Day 1 - The course had been slick and muddy for the late-morning races, but had become quite tacky by the time we rolled out. The course began with a long paved straightaway that funneled into a corner followed by some gooey, thick-mud corners. I got a pretty good start and entered the first corner in the top 10, but was stopped and forced to dismount and run through the mud after someone just ahead of me slid out. I recovered quickly and jumped on Kelly Emmet's wheel, which enabled me to advance a few places on the long straight stretches that followed. Kelly eventually dropped me and disappeared. I was able to hold my position, maybe 12th or so for the remainder of lap 1 but was passed by a group on the long, paved start straightaway. In hind-sight, it is clear to me that I was being complacent and lazy. As the group passed I considered trying to jump on the last wheel, but convinced myself that I could catch them on the twisty, technical sections. Yep, that was definitely lazy and didn't work at all. I rode the next 2 laps alone and I passed a couple people on the twisty, technical, FUN section of the course. On one of these laps I ran the barriers with Coryn Rivera, who is a tiny little road racer. As we were running, I heard the announcer draw the crowd's attention to the short 5'2" racers on this section, which he assumed to be more difficult for us short people...oh, the things that get you recognition when you're pack-fodder.With one lap to go, Kristi Berg caught and passed me. I jumped on her wheel and she was making quick progress in the chase to the next 2 riders. After catching and passing one of the riders, I passed Kristi on a corner and agreed to take a pull. I think I put a little gap on her on the run-up and rode the rest of the race alone trying hard to catch the next rabbit. I came close but she still had a couple bike lengths at the start of the sprint and I couldn't get around her. I finished 15th, just in the money, which was totally unexpected and sweet. I think this was my best race performance of the season, not because of my placement but because I rode well, raced hard and felt like I was able to put everything together.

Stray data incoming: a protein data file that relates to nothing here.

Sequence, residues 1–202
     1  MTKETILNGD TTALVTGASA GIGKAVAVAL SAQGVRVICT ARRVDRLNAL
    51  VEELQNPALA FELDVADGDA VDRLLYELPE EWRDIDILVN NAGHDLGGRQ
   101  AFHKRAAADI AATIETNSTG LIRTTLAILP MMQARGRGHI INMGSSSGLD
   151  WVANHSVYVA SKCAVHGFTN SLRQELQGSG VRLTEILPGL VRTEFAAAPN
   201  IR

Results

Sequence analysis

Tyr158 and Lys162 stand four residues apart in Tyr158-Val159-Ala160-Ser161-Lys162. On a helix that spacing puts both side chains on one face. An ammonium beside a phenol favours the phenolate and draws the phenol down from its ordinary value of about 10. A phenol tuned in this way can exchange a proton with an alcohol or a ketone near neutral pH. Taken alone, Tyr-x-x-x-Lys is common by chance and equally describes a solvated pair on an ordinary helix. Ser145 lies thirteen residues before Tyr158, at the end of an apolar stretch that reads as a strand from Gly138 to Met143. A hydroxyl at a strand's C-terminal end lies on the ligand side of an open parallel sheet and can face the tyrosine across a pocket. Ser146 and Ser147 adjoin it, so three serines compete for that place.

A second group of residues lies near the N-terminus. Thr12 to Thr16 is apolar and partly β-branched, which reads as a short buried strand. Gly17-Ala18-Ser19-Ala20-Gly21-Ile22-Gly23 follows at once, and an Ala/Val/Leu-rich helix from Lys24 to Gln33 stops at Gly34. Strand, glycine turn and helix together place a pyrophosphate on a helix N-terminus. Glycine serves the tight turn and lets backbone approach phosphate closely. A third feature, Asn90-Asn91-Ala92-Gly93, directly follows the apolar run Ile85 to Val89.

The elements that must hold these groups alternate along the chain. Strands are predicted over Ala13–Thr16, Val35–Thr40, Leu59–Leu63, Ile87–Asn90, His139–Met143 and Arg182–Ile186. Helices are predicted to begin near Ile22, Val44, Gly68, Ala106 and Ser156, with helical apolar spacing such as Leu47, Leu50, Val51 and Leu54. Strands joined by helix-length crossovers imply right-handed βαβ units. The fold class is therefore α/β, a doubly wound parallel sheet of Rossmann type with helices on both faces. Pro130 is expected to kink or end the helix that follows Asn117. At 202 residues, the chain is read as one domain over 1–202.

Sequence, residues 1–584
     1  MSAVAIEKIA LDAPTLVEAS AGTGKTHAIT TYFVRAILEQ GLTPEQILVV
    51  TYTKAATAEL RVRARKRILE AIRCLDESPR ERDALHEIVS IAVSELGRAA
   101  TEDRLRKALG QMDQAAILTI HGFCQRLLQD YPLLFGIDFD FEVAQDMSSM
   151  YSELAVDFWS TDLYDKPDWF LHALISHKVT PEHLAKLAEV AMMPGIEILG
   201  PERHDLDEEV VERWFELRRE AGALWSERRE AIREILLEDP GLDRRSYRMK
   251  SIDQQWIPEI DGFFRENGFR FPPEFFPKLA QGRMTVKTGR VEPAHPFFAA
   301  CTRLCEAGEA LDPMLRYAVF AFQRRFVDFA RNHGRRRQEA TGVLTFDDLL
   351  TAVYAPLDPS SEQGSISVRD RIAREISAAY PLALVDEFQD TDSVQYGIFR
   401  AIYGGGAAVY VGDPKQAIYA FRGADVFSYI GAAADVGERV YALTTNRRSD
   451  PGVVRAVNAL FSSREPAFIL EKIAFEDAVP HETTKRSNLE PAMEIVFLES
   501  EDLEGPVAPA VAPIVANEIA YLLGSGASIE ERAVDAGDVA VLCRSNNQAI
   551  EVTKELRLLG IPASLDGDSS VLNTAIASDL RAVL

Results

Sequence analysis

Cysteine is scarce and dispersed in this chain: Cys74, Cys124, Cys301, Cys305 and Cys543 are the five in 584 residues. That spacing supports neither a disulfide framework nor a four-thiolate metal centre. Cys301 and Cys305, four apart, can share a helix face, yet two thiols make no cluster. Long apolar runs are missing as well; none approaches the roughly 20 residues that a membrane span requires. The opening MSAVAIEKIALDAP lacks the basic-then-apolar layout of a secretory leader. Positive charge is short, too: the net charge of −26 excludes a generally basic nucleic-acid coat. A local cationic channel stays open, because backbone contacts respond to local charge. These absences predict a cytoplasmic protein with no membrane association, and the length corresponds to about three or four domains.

Day 2 - The conditions had changed considerably overnight and the course layout was slightly different. The mud had dried out in most places, the cornering grip was much better, and the course had more technical sections in the motocross park. I got a pretty good start again, but my spastic riding on lap one resulted in me dropping into DFL mid-way through the lap. I caught my wheel with someone on the first run-up and lost a few places, did it again on the second short run-up losing more places, then I collided with someone and ended up tangling my bars in the course tape and falling over. And.....there goes the field, CRAP! I was totally annoyed with myself for creating my own chaos and was on a mission to move through the field. I remounted and charged forward passing whenever I could. Although I started the race riding like an uncoordinated trail-plug, I feel really good about how I rode the remaining 4.5 laps. I caught and passed more than 10 people and enjoyed the race entirely. I never wanted to quit or asked myself why on earth I subject myself to such misery. I was just stoked to be racing my bike on a super fun course and to be moving up. The highlight of this race was definitely passing people in tight corners, especially since I lost a bunch of places in the corners at Starcrossed earlier this season. It is really rewarding to be able to easily recognize improvement with a particular component of racing. I've learned that cross racing in big fields is not just about fitness and snap, but is also about handling your bike, handling yourself around other riders, and being aggressive.